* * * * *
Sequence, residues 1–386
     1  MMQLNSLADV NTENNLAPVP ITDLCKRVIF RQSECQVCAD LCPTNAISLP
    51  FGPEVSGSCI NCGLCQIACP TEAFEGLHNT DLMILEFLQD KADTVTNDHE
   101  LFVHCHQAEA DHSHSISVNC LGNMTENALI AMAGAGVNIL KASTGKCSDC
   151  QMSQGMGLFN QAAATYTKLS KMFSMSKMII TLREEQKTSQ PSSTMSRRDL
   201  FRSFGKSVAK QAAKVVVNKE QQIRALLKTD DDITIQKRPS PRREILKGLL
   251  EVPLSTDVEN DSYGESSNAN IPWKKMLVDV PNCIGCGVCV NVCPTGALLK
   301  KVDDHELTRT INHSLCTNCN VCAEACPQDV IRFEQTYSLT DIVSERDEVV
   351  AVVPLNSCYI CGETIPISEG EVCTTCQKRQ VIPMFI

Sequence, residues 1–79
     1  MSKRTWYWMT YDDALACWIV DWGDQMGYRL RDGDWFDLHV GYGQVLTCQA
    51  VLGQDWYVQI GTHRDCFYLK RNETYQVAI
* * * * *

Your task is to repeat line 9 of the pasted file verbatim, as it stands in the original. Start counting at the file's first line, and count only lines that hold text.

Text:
   351  AVVPLNSCYI CGETIPISEG EVCTTCQKRQ VIPMFI